Treatment of Noninfectious Retinal Vasculitis Using Subcutaneous Repository Corticotropin Injection


Purpose: To show whether subcutaneous repository corticotropin injection (RCI, Acthar® Gel, a repository corticotropin injection, can be an effective potential therapeutic agent for noninfectious retinal vasculitis.

Methods: Patients with active retinal vasculitis were followed with serial ultra-widefield fluorescein angiograms and treated with 80 units of subcutaneous repository corticotropin injection twice weekly.

Results: Primary outcome of ≥50% improvement in response level (RL) for retinal vasculitis and percent improvement in retinal vasculitis severity scoring (RVSS) by more than one quartile (≥25%) at week 12 was met in 15 and 16 of the 30 total eyes, respectively, including 1 eye with severe retinal vasculitis in each group. Complete resolution of retinal vasculitis was seen in seven eyes with a mean time of 17.1 weeks. Intraocular pressure elevation requiring therapy and cataract progression were noted in two and three eyes, respectively. One patient stopped medication due to side effects (injection site reaction).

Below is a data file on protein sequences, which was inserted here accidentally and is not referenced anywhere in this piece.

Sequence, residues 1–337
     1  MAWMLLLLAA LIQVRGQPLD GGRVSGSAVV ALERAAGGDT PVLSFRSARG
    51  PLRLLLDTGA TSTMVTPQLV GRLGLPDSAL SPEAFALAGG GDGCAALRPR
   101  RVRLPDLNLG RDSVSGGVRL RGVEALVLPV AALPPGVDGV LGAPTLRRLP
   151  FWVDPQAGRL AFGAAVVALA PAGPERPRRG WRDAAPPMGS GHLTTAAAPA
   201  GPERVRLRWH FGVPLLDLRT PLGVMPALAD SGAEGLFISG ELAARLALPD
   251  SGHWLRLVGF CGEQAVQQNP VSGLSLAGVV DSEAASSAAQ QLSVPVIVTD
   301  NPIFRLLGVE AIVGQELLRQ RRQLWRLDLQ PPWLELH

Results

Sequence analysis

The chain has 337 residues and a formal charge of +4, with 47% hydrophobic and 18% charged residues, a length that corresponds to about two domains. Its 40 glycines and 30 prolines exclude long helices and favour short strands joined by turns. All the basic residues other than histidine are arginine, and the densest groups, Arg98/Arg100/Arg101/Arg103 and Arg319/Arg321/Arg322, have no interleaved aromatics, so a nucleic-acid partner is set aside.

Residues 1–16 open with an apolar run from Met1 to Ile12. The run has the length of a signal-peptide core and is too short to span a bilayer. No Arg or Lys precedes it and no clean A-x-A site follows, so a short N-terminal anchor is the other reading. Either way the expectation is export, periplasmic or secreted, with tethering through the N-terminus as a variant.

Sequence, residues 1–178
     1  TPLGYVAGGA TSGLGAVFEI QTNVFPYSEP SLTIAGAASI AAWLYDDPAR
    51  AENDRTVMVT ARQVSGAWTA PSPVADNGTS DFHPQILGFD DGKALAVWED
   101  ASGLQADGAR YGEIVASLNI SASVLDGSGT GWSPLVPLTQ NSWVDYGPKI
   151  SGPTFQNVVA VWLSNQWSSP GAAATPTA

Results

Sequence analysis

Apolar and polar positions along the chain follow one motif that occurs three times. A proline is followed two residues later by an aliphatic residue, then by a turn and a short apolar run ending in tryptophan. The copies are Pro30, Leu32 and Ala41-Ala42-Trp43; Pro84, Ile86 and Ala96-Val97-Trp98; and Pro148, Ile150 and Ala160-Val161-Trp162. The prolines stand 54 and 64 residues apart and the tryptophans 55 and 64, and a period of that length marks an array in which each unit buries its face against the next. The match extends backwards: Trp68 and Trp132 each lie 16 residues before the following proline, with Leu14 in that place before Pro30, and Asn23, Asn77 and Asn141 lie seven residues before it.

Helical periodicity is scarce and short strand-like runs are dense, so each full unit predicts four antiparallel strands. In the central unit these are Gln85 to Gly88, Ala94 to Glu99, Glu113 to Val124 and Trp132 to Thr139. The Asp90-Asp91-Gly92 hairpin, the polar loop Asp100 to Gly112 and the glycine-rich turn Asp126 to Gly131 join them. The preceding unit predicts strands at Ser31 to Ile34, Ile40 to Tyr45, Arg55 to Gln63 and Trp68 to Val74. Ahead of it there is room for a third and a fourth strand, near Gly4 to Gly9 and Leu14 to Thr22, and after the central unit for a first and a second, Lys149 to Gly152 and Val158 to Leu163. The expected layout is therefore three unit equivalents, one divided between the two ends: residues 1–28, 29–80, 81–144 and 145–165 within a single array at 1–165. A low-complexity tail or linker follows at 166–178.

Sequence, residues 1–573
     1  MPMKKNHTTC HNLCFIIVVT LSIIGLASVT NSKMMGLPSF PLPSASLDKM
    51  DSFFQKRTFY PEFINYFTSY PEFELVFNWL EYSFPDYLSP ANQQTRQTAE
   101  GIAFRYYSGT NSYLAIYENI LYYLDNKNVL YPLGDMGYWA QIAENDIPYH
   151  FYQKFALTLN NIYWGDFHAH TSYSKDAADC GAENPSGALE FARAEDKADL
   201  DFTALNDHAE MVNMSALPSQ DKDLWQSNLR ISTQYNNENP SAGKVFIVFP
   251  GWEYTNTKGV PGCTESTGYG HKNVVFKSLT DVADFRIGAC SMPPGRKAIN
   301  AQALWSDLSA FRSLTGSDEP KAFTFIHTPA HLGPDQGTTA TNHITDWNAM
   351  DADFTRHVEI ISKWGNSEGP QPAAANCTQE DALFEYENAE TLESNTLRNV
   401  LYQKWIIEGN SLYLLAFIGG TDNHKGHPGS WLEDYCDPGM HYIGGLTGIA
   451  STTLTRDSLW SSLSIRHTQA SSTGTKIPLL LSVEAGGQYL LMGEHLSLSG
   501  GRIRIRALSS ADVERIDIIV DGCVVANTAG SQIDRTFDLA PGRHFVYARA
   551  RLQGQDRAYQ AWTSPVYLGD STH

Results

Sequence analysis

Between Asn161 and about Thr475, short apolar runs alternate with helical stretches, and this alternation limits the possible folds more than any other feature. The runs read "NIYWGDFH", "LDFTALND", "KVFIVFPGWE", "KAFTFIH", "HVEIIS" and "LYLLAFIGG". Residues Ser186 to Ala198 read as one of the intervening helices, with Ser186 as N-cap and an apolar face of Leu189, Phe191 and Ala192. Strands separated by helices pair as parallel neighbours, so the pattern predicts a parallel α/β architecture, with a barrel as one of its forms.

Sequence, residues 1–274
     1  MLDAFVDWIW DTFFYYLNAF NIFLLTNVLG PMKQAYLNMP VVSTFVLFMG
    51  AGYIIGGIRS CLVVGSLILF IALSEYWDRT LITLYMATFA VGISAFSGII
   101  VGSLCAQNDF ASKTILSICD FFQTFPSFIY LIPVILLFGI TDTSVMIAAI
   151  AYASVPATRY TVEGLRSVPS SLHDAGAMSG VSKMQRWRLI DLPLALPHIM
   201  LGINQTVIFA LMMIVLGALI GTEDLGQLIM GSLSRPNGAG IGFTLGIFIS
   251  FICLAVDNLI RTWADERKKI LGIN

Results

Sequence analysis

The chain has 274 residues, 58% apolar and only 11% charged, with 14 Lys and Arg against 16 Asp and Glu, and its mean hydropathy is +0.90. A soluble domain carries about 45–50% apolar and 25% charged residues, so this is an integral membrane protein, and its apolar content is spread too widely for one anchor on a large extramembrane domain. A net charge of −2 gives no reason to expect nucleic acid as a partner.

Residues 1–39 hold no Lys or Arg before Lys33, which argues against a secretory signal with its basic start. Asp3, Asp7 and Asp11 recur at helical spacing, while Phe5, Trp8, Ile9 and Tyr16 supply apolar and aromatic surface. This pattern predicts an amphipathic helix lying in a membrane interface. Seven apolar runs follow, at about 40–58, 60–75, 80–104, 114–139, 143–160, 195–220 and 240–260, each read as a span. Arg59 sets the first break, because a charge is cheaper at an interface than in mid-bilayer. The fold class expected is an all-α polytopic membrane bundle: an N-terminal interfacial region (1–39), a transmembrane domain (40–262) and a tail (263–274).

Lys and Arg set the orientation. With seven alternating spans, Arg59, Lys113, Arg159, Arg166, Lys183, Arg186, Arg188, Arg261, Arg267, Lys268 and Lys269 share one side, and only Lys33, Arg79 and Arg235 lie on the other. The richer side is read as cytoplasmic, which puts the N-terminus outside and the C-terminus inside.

Conclusion: Repository corticotropin injection was well-tolerated overall. Repository corticotropin injection may be an effective therapeutic agent in the treatment of noninfectious retinal vasculitis.


Acthar, Corticotropin Gel, Fluorescein Angiography, Ocular Inflammation, Retinal Vasculitis, Uveitis

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